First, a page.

Mexico experimented recently with a 10% tax on sugary beverages. And it worked. A year after the tax was implemented there was a 12% decline in soda purchases. Barry Popkin is the director of the Nutrition Transition Research program at the University of North Carolina at Chapel Hill. He says the Mexico experiment is important, and other countries will follow suit. "We expect as the taxes get larger, and the effects are shown to be significant that countries will realize, they both need revenue, they need money for public health ... the benefits are enormous in getting people conscious of the cost of sugary beverages," he says. This conversation is part of a series called The Future of Food Policy. The conversations were conducted at Duke University as a part of the development of a new initiative, the World Food Policy Center. Find out more: sanford.duke.edu/articles/world%E…haul-experts-say [Image: vintage Blue/Pixabay] Listen to Podcast/Read Transcript about Future of Food Policy: Taxing Soda Works »


Child Models Ways to End Obesity

Future of Food Policy: Chile Models Ways to End Obesity

September 2016

Barry Popkin is one of the world's leading thinkers when it comes to human relationship to food. He runs the Nutrition Transition Research program at the University of North Carolina at Chapel Hill. When asked to point to a country that is doing things right when it comes to obesity, he points to Chile. "Chile is unique. First, they cut the cost of all non-caloric beverages," he says. (So buying a water is cheaper than buying a soda.) The country also curbs junk food marketing to children. They are now adding a marketing ban to adults as well where unhealthy food will be banned from 6 a.m. to 10 p.m. There will be a "danger" sticker for unhealthy foods, and a "mega-tax" of 30 to 40 percent on such foods is likely. "So they truly will probably be the first country to turn around obesity," Popkin says. This conversation is part of a series called The Future of Food Policy. The conversations were conducted at Duke University as a part of the development of a new initiative, the World Food Policy Center. Find out more: sanford.duke.edu/articles/world%E…haul-experts-say [Image from Croc_Star via Flickr/CC] Listen to Podcast/Read Transcript about Future of Food Policy: Chile Models Ways to End Obesity »


Human digestive system

Future of Food Policy: Revise Doctor Training

September 2016

The U.S. has a huge problem with obesity, yet only one in eight visits with a doctor involves healthy diet counseling. A new initiative seeks to change that. "We are proposing to do two things at the same time," says Lisel Loy of the Bipartisan Policy Center. "The first thing is to improve the way we train not just doctors but all health professionals to address issues of nutrition and physical activity. And second is to change the way we pay for that kind of care." Such changes are critical, Loy says, and it's important that the changes happen at the same time. "If you have physicians trained to do this, but that kind of care is not covered, it's unlikely doctors and others will have the incentive to provide that kind of care," she notes. This conversation is part of a series called The Future of Food Policy. The conversations were conducted at Duke University as a part of the development of a new initiative, the World Food Policy Center. Find out more: sanford.duke.edu/articles/world%E…haul-experts-say Listen to Podcast/Read Transcript about Future of Food Policy: Revise Doctor Training »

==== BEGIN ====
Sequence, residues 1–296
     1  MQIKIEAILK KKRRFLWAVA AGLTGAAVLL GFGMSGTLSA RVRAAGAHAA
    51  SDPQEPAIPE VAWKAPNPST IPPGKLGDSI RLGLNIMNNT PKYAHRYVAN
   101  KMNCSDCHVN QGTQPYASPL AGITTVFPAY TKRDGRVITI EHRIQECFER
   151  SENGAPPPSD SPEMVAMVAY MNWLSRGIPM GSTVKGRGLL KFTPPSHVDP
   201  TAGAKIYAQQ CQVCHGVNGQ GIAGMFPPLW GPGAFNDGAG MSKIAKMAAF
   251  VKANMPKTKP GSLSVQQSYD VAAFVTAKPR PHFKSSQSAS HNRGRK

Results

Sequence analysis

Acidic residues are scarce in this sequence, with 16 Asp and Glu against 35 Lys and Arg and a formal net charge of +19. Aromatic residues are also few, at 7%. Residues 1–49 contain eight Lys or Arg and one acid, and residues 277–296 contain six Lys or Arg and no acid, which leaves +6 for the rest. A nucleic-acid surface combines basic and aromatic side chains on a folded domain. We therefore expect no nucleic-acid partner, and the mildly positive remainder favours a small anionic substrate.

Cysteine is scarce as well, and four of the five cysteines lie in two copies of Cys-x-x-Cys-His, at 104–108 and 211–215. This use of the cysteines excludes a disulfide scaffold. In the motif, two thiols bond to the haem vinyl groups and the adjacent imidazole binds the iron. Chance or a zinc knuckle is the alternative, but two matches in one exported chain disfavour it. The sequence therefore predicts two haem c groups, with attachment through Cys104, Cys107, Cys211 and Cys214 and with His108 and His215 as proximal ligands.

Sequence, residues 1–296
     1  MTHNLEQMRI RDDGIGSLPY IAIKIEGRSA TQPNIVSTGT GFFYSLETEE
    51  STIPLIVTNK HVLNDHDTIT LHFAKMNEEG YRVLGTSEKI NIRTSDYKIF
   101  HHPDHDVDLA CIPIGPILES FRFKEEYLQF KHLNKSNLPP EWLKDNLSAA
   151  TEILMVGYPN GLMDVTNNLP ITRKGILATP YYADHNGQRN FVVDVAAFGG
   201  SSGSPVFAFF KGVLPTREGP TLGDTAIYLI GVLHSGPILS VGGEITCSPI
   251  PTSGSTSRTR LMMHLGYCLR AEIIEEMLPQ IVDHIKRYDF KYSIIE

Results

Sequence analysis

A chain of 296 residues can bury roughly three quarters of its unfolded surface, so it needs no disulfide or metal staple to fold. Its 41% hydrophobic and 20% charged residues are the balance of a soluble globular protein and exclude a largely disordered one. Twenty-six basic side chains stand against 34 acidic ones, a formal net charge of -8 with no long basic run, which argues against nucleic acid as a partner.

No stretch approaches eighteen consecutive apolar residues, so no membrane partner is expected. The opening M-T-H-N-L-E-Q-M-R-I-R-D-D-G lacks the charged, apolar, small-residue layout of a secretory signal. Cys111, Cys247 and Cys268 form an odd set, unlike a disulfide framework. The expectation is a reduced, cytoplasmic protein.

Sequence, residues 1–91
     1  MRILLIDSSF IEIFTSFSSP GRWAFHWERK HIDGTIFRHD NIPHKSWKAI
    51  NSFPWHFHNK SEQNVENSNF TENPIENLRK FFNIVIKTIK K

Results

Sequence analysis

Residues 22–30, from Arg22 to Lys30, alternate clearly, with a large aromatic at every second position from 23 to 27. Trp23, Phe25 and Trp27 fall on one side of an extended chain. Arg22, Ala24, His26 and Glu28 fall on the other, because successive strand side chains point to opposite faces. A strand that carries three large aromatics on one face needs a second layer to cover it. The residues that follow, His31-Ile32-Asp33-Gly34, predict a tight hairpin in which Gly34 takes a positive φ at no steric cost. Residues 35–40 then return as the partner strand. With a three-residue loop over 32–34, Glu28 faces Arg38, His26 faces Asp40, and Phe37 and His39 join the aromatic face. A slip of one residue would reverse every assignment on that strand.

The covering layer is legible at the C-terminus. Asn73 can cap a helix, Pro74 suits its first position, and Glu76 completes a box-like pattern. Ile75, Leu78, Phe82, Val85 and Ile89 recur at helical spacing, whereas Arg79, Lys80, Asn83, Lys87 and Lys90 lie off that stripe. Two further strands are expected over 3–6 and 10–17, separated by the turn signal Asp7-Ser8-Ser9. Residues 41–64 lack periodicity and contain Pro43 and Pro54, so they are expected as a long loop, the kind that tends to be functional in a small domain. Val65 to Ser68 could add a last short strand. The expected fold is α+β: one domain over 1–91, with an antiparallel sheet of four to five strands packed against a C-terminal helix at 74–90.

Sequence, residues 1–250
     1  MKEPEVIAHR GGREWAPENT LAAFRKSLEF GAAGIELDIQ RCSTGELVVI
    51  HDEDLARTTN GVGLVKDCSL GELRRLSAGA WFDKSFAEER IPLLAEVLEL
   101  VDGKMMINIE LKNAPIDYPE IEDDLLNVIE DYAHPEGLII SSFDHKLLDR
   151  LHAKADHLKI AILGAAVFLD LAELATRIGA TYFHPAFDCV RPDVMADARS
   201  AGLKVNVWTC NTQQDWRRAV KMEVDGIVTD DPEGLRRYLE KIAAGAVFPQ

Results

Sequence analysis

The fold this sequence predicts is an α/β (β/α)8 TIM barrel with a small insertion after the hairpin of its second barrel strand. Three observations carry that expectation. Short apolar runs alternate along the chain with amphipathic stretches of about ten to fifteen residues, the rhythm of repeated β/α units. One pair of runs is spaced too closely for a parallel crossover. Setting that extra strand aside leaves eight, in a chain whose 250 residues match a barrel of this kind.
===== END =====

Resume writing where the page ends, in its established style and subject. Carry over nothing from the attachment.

Finland is a leader in food policy

Future of Food Policy: Hello, Finland

August 2016

Are there places in the world where changes in policy have resulted in healthier people? Policymakers should look to Finland. The people used to have a diet with high saturated fat and sodium consumption, and Finns had extremely high rates of heart disease. Now, however, policies encourage food producers to remove saturated fat from milk, and discourage them from marketing products with sodium levels. Now, the rate of heart disease in Finland is close to that of Italy, says Francesco Branca of the World Health Organization. This conversation is part of a series called The Future of Food Policy. The conversations were conducted at Duke University as a part of the development of a new initiative, the World Food Policy Center. Find out more: sanford.duke.edu/articles/world%E…haul-experts-say (Photo by Claudio.Ar, Flickr/CC) Listen to Podcast/Read Transcript about Future of Food Policy: Hello, Finland »


Blurry Sodas

Should there be a "sugar tax" in Britain?

August 2016

The Public Health England report was released yesterday after a long delay. The report takes a close look at what can be done about rising obesity rates in the UK. One recommendation is for a price increase of a minimum of 10% to 20% on high-sugar products. This "sugar tax" is controversial. BBC host James Coomarasamy interviewed Sanford's dean Kelly Brownell about the idea. Brownell is "the American who came up with the idea of taxing fizzy drinks," said Coomarasamy. Brownell noted that in Mexico and other locations, such taxes are working, and people are drinking sugary drinks less. [Image: Mohammad Khedmati via Flickr/Creative Commons] Listen to Podcast/Read Transcript about Should there be a "sugar tax" in Britain? »


Betsy Holden, CEO, Kraft Foods

Future of Food Policy: Businesses Must Adapt

August 2016

The world faces profound problems in supplying nutritious food to its growing population. 900 million people are undernourished. At the same time, 3 billion people will be moving into the middle class by 2030. Access to water is expected to be of concern. And currently a huge percentage of global food is wasted. Savvy business leaders are already trying to adapt to the changes they know are coming. "I think we all are excited by, but also daunted by the resource scarcity challenges coming forward," says Betsy Holden. Betsy is former co-CEO of Kraft Foods and CEO of Kraft Foods North America. Now she's a consultant for McKinsey & Company. She thinks part of the answer is in strategic partnerships. "Too many people are working on pieces of the puzzle, and not enough people are working across and really integrating and convening so that we're getting to more end-to-end solutions." This conversation is part of a series called The Future of Food Policy. The conversations were conducted at Duke University as a part of the development of a new initiative, the World Food Policy Center. Find out more: sanford.duke.edu/articles/world%E…haul-experts-say Listen to Podcast/Read Transcript about Future of Food Policy: Businesses Must Adapt »